Alley Art 1-2-3

25 February 2022 – There’s art, and there’s art. And there’s art.

1 – Window art

Jennifer Chernecki

… with a baleful stare.

2 – Wall art

Makoto, VMF 2016

… with a pointed beak.

3 – Objet d’art

Time, just… time

… with accessories.

First, standing there, I saw the rust. Now I see the tire. The perfectly placed tire!

Optimism

21 February 2022 – I look at this front yard ensemble, everything still so bedraggled …

and I think: Ohhhhh, it’s not spring yet.

But spring is coming — less than a month away. (Less by only 1 day, but I’ll take it.)

And signs of vernal optimism are everywhere.

New plantings are being dug into this sidewalk wheelbarrow on West 10th …

crocuses & snowdrops have jumped up among the ferns, just opposite …

and Whole Foods has refreshed the panels of its living wall just off Cambie Street.

Even this faery-tree tableau lives up to the optimism theme …

though I have to lean in close & read the fine print, to notice it.

Now, that is optimism.

Sun + Double Digits

12 February 2022 – It hits 11C this sunny Saturday — double digits, and it’s only mid-February! I break out my summer Tilley (hat), leave my coat behind, and head for False Creek. I am giddy with the promise of spring.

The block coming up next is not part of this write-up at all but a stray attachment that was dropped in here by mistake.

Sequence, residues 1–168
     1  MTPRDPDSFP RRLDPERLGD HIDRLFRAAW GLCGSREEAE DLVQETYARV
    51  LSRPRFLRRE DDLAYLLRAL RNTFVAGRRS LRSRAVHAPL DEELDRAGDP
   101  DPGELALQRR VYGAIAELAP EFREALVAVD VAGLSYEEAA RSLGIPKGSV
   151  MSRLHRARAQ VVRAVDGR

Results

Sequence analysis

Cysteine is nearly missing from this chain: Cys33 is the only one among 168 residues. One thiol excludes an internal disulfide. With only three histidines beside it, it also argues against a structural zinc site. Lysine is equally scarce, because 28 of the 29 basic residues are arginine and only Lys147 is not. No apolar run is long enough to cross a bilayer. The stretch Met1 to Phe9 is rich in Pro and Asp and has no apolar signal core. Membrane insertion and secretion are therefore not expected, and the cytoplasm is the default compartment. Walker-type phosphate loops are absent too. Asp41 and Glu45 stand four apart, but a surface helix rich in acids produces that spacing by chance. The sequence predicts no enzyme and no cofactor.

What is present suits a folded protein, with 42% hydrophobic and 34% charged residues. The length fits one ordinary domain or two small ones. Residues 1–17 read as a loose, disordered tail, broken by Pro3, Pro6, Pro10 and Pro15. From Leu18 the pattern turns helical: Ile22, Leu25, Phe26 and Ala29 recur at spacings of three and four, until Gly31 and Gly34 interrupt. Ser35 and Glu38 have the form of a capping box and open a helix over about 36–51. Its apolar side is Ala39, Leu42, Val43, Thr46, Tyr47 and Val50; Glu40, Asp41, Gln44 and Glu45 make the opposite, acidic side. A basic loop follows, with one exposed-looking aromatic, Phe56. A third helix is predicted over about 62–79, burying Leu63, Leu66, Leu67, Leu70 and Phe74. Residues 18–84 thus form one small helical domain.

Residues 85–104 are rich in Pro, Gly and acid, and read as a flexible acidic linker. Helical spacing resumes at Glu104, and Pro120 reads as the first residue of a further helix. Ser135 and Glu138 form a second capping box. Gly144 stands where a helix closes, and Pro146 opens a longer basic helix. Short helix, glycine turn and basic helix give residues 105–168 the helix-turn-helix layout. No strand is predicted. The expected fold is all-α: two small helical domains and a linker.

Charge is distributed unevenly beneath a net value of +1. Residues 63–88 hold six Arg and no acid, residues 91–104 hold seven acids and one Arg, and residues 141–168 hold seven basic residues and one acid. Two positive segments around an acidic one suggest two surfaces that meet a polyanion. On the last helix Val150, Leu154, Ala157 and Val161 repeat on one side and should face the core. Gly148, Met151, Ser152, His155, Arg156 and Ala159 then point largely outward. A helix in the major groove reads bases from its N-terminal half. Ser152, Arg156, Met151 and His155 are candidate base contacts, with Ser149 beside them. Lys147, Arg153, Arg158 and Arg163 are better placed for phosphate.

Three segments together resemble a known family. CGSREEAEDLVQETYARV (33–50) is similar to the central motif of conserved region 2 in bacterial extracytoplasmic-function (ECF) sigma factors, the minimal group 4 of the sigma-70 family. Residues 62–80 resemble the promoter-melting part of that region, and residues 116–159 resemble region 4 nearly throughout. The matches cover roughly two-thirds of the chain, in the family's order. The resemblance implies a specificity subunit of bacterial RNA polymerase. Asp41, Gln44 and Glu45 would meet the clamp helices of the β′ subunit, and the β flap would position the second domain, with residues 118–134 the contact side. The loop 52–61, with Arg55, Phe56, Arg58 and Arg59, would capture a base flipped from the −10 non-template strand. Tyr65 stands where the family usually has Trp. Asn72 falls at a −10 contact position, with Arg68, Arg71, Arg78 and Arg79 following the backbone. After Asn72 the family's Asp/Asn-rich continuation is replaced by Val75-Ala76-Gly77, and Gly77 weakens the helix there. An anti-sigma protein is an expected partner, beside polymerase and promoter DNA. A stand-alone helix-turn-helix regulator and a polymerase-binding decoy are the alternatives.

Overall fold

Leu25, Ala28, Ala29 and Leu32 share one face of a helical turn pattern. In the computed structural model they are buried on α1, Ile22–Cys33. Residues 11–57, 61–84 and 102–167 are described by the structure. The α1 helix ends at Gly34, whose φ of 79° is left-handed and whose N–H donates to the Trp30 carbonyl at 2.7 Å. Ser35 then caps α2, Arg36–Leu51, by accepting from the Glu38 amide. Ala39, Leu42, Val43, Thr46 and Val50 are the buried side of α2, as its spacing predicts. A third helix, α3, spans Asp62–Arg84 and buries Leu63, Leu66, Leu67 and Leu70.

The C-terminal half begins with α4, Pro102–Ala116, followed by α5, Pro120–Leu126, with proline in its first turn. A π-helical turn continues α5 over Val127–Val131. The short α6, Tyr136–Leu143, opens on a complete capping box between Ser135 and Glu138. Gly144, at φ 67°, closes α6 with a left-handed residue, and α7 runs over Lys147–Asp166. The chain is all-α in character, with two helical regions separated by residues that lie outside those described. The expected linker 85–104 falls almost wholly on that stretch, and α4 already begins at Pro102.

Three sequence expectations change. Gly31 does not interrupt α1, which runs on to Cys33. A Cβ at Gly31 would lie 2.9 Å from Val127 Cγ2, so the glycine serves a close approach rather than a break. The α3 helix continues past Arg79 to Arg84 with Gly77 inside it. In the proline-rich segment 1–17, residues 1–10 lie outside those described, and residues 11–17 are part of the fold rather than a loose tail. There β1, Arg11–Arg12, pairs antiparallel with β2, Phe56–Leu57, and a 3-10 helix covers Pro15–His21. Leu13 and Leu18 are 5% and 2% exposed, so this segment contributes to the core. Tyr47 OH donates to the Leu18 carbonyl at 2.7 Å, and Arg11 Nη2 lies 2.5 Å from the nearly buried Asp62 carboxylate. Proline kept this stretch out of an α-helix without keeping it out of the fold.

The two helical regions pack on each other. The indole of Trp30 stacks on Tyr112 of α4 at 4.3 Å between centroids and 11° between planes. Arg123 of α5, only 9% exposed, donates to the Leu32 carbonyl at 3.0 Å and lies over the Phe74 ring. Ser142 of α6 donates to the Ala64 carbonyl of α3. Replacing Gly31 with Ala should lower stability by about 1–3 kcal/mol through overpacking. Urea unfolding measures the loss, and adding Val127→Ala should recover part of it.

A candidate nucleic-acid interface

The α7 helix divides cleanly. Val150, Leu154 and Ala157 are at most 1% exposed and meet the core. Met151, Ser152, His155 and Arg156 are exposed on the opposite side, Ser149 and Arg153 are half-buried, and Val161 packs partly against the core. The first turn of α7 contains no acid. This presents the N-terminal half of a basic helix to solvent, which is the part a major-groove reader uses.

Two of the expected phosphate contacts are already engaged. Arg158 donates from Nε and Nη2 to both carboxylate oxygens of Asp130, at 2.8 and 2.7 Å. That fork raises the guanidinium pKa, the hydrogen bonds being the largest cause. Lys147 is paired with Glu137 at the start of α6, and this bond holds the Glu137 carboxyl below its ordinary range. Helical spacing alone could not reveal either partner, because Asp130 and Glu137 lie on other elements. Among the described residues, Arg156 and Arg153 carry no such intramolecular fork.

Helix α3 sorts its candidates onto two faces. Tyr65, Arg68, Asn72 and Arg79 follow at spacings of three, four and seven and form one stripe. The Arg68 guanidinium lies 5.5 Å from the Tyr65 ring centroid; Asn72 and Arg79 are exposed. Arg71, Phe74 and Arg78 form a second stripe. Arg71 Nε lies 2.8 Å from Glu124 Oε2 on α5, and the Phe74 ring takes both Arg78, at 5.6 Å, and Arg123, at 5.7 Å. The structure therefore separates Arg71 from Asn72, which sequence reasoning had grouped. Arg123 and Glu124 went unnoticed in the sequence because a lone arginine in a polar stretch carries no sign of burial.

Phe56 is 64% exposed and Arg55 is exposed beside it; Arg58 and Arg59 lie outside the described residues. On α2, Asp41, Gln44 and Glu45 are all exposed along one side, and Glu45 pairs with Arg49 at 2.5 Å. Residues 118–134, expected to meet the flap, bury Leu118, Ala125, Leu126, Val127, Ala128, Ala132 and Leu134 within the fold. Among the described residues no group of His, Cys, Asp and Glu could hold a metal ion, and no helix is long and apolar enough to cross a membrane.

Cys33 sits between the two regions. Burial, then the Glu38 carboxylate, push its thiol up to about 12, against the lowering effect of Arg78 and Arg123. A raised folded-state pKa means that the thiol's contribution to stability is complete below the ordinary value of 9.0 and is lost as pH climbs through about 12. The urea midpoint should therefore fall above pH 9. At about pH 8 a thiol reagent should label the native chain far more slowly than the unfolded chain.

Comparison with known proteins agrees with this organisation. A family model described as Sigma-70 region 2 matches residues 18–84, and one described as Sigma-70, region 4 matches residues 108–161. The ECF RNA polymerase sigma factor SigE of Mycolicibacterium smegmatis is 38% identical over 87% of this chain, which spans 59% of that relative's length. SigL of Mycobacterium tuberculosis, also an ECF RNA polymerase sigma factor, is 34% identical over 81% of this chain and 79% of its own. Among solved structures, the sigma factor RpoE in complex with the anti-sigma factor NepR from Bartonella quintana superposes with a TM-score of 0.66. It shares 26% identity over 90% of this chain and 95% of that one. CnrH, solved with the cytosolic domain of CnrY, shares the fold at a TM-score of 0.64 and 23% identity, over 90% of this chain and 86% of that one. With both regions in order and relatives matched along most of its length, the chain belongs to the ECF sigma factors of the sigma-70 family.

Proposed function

I’m not the only one. “Giddy” pretty well defines the mood all around me for my entire walk.

There are preening Canada geese and munching human youth by this condo water feature just east of the Creek …

and humans of every age lolling, their bodies at ease with the temperature, as they watch balls carom off whirlygigs and springs go spronnnnggggg in this Rube Goldberg sculpture outside Science World. (I am particularly taken with the eclectic style of the little girl on the scooter: lavender princess-ballerina net skirt and a bumblebee helmet.)

The playground next to Science World, with its child-friendly crushed rubber surface, is alive with leaping, squealing youngsters.

An Aquabus sets out to zigzag its way, dock by dock, west to Granville Island …

and four guys keep four basketballs busy on the court under the north-side access ramps to the Cambie Bridge.